Foreign Fulbright

From Fulbrighter to Scientist

March 12, 2014

Pamela Carolina Carrillo Sanchez, 2013-2015, Ecuador, at Brookhaven National Laboratory’s surface chemical dynamics lab putting together a valve for a molecular high vacuum pump for a mass spectrometer

I still have to pinch myself every morning when the bus brings me to Brookhaven National Laboratory (BNL) in Upton, New York. A year ago, I was imagining how amazing it would be to work in a place where other scientists have been awarded seven Nobel prizes for their discoveries. Now, I’m no longer imagining what that experience would be like since my dream came true this past fall and I began my master’s in chemistry at the State University of New York at Stony Brook.

Everything began back in 2012 when I was selected to become an Ecuadorian Fulbright Student, not knowing how this experience would change my life, but excited that it would allow me to do what I love: chemistry. Since my classes began, it has been quite the journey. Getting used to a new educational system, making new friends, and starting my research have made these past few months go by fast. Looking back, I realize just how much this experience has helped me to grow personally and academically.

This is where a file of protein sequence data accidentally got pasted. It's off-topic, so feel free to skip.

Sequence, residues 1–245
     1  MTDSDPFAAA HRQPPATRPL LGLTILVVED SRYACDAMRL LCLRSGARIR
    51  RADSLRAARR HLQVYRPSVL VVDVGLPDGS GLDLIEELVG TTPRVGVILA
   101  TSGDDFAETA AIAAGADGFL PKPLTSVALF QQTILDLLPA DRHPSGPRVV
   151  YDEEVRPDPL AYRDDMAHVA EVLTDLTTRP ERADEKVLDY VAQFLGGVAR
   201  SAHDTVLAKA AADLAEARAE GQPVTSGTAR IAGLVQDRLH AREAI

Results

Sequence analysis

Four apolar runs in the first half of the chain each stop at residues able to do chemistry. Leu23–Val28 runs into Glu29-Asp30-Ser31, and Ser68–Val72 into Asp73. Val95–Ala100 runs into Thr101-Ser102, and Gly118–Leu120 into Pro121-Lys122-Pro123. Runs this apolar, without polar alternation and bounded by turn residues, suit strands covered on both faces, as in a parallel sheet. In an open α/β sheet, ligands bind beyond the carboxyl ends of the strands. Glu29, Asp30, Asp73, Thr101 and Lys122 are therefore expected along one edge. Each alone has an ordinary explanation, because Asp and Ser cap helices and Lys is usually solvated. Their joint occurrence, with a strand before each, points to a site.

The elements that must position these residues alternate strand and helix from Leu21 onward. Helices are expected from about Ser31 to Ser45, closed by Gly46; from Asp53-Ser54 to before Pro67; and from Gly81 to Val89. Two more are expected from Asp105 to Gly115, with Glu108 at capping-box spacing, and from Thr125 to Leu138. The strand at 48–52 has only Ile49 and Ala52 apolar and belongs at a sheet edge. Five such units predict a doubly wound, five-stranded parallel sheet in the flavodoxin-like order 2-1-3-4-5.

I also feel very lucky to be able to work on a research project that combines two of my main interests: science and protecting the environment. The research I am currently working on is related to producing biofuels which not only satisfies my quest for knowledge, but is also something that can hopefully help reduce the environmental impact of fossil fuel combustion. I have just started, but I think that everything I am learning will help me get one step closer to becoming a scientist and protecting nature.

Beyond my research, I have made many good friends during my Fulbright grant; friends that I have met at the library, by joining animal welfare clubs at my university, and taking Zumba® classes. Spending time with them has been a learning experience outside of the classroom, and I have come to realize how similar we are, even though we are from different parts of the world.

Being a Fulbrighter has meant realizing my dream of becoming a scientist and a chance to share my culture with others. I know that I still have a long way to go with my research and that it won’t be easy. In some ways, this experience is the just the beginning of eventually pursuing a Ph.D. and even a post-doctorate, both of which would help me to further develop all of the skills I have acquired in my home country. Now, I see my Fulbright experience as a bumpy rollercoaster ride which used to scare me, but that I have come to thoroughly enjoy.

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